Let me share my reflections on Spanish culture and local habits. These are my 10 Spanish habits one might eventually pick up in Spain, or at least I did. Relatable, dear Spanish expats?
Living in Spain
Let me admit that despite my 10+ expat years in Spain, I update the blog section Life in Spain less than I probably should. Traveling non-stop across the country gives me lots of inspiration to talk about new hidden gems, but less time to share insider stories from my daily life in Spain.
So, I finally took time to reflect on how living in Spain has actually changed me and my routine. If you ever plan to live in Spain for more than a few months – you definitely should take this list seriously. I recall it actually being one of the first questions back when I had my interview for getting Spanish nationality.
Most of the Spanish habits are extremely different from the rest of EU counties. While some of them still feel strange to me, the majority are almost impossible for expats not to pick up. Living in Spain is not only about location, it is totally about lifestyle. Like my Spanish in-laws like to say “Trabajamos para vivir, no vivimos para trabajar” – we work to make a living, we do not live to work, e.g a person is not supposed to live in order to simply pay bills and die.
The famous stereotype about Spanish siesta and fiesta is actually a part of the national culture. But this national culture has quite a few other lesser-known attributes that locals know of.
10 Spanish Habits You Might Eventually Pick Up in Spain
Siesta means a nap. Although many Spanish don’t sleep in the middle of the day after lunch, there are some who actually do (especially those from the older generations). My father-in-law religiously does a 30-minute nap at lunchtime and assures it helps him to recover and be more efficient in the afternoon.
Additionally, most of the small shops and businesses in Spain close during lunchtime for siesta. So many people who are not into midday sleep can still dedicate this time to their families and hobbies. After siesta many return to work till 8-9 p.m. With years you get so used to this sacred siesta time, that you automatically arrange all your plans, calls, and daily errands before 13.30 / 14.00 p.m. or after 17.00 p.m: as if time actually stops in between.
As Ernest Hemingway said: ” There is no nightlife in Spain. They stay up late but they get up late. That is not nightlife. That is delaying the day”.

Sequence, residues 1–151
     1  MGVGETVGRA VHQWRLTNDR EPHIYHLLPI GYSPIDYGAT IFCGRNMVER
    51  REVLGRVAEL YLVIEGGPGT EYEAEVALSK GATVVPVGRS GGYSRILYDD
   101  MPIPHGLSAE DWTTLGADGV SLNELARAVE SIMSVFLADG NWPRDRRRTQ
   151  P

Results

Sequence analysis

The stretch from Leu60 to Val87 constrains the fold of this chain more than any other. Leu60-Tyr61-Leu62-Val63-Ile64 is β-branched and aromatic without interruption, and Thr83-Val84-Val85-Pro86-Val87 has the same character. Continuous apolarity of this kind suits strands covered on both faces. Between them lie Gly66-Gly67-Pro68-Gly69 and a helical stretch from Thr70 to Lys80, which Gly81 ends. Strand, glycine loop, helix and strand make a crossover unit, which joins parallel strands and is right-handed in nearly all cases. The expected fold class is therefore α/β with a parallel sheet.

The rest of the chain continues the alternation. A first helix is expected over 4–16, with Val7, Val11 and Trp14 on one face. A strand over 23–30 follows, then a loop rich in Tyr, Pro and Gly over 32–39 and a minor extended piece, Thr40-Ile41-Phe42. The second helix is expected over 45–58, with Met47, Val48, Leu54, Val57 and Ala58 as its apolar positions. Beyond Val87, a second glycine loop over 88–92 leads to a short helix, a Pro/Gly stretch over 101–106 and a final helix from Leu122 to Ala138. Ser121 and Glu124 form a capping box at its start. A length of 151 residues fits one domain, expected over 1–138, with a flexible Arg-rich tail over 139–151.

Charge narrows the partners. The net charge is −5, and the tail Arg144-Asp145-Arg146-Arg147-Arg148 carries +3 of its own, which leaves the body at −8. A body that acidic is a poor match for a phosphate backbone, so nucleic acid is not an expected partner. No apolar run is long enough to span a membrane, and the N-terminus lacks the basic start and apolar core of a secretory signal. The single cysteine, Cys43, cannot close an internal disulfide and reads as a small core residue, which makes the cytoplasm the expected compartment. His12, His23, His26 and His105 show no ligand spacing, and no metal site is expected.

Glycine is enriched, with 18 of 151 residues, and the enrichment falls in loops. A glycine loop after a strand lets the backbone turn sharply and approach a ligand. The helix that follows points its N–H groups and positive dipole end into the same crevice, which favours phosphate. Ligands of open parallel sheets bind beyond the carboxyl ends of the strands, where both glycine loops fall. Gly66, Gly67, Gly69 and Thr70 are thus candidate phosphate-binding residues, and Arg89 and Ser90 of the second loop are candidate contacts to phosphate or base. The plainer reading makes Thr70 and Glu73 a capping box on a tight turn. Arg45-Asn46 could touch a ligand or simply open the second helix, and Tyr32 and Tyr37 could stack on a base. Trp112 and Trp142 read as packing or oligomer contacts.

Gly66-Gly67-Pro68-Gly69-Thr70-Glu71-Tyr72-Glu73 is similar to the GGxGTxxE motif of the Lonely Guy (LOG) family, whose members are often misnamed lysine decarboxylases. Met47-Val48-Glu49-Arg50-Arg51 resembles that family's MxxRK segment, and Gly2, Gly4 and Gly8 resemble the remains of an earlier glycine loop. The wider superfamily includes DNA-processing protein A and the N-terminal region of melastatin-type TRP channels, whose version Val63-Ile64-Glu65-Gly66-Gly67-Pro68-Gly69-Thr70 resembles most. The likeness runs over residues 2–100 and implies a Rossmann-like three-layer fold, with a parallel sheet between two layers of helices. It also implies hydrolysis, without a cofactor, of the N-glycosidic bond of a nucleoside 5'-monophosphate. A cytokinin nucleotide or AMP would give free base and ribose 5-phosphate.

So, dinner in Spain starts around 9.30 p.m., which has honestly never worked for me. Very much like the Spanish ”delaying of the day”, as I love waking up with the sun and beginning the day with a tasty breakfast.
Nevertheless, on the days we want to go out – late dinners are not optional. I just assume the fact that I will need to go to bed late and maybe even skip my favorite breakfast part (as I simply won’t be hungry in the morning). But the truth is that many expats in Spain (especially those who enjoy nightlife) easily pick the habit of late dinners. Many admit that they even enjoy life more this way.
Football in Spain is a second religion. Most of the Spaniards are fans of their local football club and then either Barca (FC Barcelona) or Madrid (FC Real Madrid). I used to like football before I moved in Spain, but expats who don’t (but still surround themselves with locals) can’t help picking up the football details and names.
It is also one of the safe topics the Spanish talk about instead of politics, for instance. Yet I wouldn’t call it “a safe topic”, as the last time I went to Camp Nou for el clasico (a match between Barcelona And Real Madrid) it felt so tense. Most of the fans take it way too seriously during important games.
No jokes, most of the Spaniards play the lottery regularly. Especially over the Christmas holidays – La Loteria de Navidad and La Loteria del Niño. There are actually quite a few lotteries in Spain all year round – Euromillon, La Primitiva, La Bonoloto, El Gordo, Quintuple plus, La Quiniela, and others.
It is typical for a group of friends to buy at least one lottery ticket in common over the winter holidays. At our school, they also sold charity lottery tickets for Christmas. While having your meal in a restaurant you can be often approached by a lottery salesman.